A FIRM DEDICATED TO ELDER LAW AND SPECIAL NEEDS PLANNING

Living Wills and Health Care Surrogates

WHAT IS THE DIFFERENCE BETWEEN A WILL AND A LIVING WILL?

 

A will, or Last Will and Testament as it is sometimes called, is a document under which a person transfers ownership of his or her property to another individual after his or her death. A Living Will is a right given from one person to another to discontinue life support and permit the person to die naturally.

 

 

WHAT IS A HEALTH CARE SURROGATE?

 

A Health Care Surrogate is a document which grants another person the power to make health care decisions for the benefit of the person granting the power. Those decisions can be as specific as the grantor of the power wants or as general as desired. Certain types of medical procedures can be prohibited in the document or expanded to include experimental procedures.

 

 

CAN A LIVING WILL SPECIFY WHEN LIFE PROLONGING PROCEDURES CAN BE TERMINATED?

 

Yes. Since modern medicine is able to keep people alive even if they are brain dead, most people do not wish to live without some quality of life. A properly drawn living will may permit medical professionals to disconnect life support systems rather than keep someone on life support indefinitely. The criteria may vary depending on the religious and/or cultural views of a person.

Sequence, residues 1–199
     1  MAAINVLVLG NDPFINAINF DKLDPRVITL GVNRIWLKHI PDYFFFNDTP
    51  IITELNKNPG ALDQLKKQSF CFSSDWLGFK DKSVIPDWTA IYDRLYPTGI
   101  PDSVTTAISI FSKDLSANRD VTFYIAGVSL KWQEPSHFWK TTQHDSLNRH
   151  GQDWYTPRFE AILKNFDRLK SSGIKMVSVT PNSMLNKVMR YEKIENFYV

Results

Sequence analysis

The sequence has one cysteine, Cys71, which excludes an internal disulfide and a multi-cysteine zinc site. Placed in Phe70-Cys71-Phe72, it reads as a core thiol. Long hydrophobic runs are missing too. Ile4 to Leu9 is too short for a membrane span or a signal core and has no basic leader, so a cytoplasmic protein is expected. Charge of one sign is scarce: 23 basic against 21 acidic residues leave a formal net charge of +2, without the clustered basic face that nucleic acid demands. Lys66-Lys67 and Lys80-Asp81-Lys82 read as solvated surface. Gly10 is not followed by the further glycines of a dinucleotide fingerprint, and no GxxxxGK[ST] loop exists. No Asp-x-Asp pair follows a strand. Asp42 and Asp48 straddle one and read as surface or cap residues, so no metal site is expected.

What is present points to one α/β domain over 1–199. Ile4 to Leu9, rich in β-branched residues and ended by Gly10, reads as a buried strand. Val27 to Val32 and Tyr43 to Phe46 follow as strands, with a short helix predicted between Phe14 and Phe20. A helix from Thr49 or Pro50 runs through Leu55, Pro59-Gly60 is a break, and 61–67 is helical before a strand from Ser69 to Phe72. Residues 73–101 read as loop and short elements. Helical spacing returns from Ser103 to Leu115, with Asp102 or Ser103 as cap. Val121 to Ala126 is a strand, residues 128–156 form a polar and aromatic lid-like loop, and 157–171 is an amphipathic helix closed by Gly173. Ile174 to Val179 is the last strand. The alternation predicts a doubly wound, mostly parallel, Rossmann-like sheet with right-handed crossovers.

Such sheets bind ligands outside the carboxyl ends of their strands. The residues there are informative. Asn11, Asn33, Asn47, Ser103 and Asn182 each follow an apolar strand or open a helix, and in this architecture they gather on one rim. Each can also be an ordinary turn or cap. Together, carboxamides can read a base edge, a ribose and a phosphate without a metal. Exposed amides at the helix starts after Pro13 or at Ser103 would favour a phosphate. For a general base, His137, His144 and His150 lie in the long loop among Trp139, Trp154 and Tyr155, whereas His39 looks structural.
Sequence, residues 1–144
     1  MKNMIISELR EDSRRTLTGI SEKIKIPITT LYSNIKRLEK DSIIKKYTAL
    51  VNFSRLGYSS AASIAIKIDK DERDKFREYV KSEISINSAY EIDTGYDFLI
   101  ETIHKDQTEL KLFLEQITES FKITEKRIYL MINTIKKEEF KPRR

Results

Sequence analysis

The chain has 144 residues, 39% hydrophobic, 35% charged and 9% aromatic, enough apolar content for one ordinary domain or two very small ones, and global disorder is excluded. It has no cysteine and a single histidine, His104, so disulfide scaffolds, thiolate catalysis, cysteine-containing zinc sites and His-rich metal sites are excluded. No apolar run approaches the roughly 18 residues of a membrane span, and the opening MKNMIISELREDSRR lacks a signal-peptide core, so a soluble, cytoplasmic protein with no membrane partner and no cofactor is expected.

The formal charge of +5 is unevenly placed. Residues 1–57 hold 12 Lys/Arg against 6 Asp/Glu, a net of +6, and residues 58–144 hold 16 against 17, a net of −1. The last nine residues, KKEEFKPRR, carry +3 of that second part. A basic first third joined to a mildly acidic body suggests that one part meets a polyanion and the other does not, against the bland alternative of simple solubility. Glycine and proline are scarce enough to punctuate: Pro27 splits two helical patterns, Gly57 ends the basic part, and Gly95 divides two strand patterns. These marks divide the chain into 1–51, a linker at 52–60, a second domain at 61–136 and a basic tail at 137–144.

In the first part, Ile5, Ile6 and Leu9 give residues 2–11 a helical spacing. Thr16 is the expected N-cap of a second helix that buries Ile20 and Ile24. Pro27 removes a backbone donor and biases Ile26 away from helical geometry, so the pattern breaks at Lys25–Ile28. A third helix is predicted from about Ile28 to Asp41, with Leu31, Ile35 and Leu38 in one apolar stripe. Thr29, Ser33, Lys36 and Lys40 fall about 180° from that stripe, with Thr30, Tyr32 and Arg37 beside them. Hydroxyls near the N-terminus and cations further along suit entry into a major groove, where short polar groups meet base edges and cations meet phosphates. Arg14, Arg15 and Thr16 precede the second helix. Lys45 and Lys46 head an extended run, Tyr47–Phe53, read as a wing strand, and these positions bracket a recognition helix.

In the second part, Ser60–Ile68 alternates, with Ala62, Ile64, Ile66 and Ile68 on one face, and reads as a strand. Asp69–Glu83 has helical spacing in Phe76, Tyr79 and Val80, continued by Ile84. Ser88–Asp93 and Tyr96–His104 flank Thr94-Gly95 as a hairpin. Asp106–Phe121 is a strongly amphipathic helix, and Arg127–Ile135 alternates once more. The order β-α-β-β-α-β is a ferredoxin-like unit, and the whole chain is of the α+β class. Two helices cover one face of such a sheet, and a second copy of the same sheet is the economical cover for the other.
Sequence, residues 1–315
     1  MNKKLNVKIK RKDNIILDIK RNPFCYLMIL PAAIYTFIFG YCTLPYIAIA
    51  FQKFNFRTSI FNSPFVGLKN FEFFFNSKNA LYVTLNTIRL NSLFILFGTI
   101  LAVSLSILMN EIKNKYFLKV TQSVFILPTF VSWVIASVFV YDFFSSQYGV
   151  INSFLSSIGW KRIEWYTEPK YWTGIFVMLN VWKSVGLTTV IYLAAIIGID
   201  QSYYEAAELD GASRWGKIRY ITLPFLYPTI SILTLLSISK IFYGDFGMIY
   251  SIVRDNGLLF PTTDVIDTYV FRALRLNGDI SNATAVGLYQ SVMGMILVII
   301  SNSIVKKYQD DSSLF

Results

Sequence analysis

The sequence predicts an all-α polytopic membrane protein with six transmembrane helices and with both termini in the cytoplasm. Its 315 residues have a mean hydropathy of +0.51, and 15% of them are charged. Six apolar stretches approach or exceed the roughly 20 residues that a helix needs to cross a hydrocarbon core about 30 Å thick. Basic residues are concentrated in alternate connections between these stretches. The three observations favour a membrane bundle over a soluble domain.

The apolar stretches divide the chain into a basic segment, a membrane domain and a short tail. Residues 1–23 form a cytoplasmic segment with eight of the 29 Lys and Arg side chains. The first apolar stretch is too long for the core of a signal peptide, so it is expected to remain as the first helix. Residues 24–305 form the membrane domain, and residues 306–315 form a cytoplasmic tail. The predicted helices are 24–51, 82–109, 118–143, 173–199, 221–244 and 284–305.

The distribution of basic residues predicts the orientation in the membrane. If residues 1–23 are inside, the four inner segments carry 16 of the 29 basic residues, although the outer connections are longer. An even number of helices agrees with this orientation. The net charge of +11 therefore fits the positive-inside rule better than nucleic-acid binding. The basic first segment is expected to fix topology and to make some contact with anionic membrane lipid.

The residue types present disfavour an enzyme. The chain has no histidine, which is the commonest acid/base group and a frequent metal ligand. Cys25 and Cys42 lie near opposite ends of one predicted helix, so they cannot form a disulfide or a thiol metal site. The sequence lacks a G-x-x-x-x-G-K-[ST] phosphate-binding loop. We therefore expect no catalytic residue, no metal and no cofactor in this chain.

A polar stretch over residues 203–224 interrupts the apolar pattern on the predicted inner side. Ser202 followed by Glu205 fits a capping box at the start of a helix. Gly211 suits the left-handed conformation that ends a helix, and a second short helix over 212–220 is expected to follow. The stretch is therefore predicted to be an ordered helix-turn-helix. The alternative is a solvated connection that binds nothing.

WHERE CAN A PERSON OBTAIN A LIVING WILL OR HEALTH CARE SURROGATE?

 

These documents can be obtained from an elder law attorney who specializes in advance directives. It is important that a person explains to the elder law attorney what specific wishes he or she has with regard to medical and end of life decisions so that the documents reflect the values of that person.

 

 

CAN A PERSON AVOID GUARDIANSHIP IF THEY HAVE A HEALTH CARE SURROGATE?

 

If a person has a health care surrogate, living will, and a durable power of attorney, a guardianship can be avoided in many situations. However, there are times when a guardianship is still required. This is especially true when an incapacitated person refuses to cooperate and will not remain in an assisted living facility or nursing home after placement. Only a guardian appointed by the court through a guardianship proceeding can instruct the facility to restrain the incapacitated person and prevent him or her from leaving.

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